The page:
MILEAGE: 412 miles of paved road, 7 miles of excellent dirt
DRIVE/ROUTE A: From Phoenix, AZ drive about 27 miles E on US Highway 60 (Superstition Freeway
) to
the end of the freeway. Continue another 4.5 miles SE on US Highway 60 to the signed Peralta Road at
highway milepost 204. Turn left (NE) and drive 5.6 miles of excellent dirt to a fork. Bearing left here (right
will take you to the Quarter Circle U Ranch) on the Peralta Road, drive 0.6 miles to a fork. Bearing right (left
will take you up the unsigned Carney Springs Road to the trailhead for ROUTE B on Superstition Mountain),
drive 0.9 miles to the end of the road at a parking lot with restrooms. Park.
CLIMB/ROUTE A: Two trails have their beginning at the
N end of the parking lot. Choose the trail on the
right, hiking about 50 y
ards to the signed junction of the Bluff Springs Trail and the Dutchmans Trail. It's a bit
confusing here if you're reading the map because the signed Bluff Springs Trail is actually called the
Dutchmans Pack Trail on the 7.5 minute topo and the signed Dutchmans Trail is identified as the Miners
Needle Trail on the same map. Disregarding this discrepancy, bear left on the signed Bluff Springs Trail and
follow it 3 miles N to a junction with the Terrapin Trail (called the Needle Pack Trail on the 7.5 minute topo!).
Turn left (NW) on the Terrapin Trail and hike 0.75 miles to Bluff Saddle (shown as such on the topo).
Continue down over the saddle about 0.2 miles and leave the trail, heading 0.25 miles NW to a low saddle.
Continuing in the same direction, cross-country through brushy terrain toward Weavers Needle, climbing a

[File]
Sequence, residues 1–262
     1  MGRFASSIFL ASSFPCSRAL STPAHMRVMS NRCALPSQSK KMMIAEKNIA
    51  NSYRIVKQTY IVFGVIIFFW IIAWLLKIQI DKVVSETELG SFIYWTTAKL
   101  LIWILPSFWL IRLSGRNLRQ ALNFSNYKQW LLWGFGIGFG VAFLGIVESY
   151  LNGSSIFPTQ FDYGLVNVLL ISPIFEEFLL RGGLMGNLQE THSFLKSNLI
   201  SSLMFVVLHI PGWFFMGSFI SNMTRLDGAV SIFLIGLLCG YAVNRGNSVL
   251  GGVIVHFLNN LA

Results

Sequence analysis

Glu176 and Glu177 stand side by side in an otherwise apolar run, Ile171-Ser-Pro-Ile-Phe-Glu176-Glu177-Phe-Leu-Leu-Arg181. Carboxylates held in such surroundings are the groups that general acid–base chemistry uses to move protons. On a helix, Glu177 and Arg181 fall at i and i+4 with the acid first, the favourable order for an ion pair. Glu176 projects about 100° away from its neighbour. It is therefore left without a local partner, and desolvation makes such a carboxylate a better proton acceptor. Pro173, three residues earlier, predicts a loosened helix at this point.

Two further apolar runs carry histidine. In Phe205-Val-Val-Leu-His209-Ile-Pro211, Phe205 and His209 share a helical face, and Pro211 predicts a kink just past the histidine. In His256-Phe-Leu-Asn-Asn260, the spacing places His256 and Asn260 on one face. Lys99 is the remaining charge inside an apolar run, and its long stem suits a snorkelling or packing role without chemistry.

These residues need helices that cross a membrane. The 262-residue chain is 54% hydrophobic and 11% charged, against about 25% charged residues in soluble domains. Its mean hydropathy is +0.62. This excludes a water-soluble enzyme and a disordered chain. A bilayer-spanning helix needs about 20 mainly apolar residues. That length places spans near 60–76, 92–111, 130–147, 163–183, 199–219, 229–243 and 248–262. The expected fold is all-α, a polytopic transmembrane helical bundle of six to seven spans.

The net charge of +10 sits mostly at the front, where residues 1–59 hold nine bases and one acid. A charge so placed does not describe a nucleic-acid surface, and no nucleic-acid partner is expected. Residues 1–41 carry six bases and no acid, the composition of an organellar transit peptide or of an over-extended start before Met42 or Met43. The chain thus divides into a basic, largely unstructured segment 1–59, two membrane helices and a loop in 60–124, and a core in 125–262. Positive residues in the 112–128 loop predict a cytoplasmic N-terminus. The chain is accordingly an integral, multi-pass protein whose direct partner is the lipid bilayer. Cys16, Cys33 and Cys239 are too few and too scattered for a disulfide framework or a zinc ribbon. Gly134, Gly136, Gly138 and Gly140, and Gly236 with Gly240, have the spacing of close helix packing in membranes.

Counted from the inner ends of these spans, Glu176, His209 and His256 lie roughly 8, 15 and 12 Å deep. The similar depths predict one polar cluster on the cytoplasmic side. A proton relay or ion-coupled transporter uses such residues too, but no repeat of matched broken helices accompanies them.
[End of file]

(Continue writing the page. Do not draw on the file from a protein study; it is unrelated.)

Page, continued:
slope to the base of the sheer E face. This will place you at the bottom of a very steep chute which emanates
from the V-notch, a deep gash that separates Weavers Needle from its southern neighbor.
The real climbing is about to begin, so now's the time to get into y
our seat harness and don a climbing helmet.
A word of warning here; the rock above is loose and could pose a threat to your safety if other parties are
climbing above you in the chute. It would be prudent to back away a short distance from the face and let them
reach the V-notch before starting up this first pitch. See SIDELINES for recommendations on both group and
individual climbing equipment needed on this route. For the first (and crux) pitch on the needle, climb rock
along the far right side of the chute for about 70 feet to where you can angle up and left into the main part of
the chute. There are few good spots for placing protection along this first pitch, however somewhat above the
pitch you'll find a sturdy rock for setting up a belay anchor. Climbing directly up the chute, you'll encounter
2 short (8-10 foot) Class 4 pitches before reaching the V-notch. From the notch an
awkward Class 3 to 4
move of about 15 feet up and to the right will lead to easier ground above, where you'll climb about 250 feet of
Class 2 rock. A 50 foot section of Class 3 to 4 rock above this leads to Class 2 slopes just below the top. One
final, short wall of Class 3 will bring you to the summit. Descend the same way. There is a pair of chains bolted
to a wall to the right of where one exits the 50 foot section of Class 3 to 4 rock. These chains may be used as an
anchor to rappel off the edge of the ledge, bypassing a potentially difficult down
climb on that 50 foot section of rock wall. It is over hung, so be prepared to come free from the wall about 20
feet from the bottom.
ROUND TRIP STATS/ROUTE A: 2300 feet elevation gain, 10 miles, 10-12 hours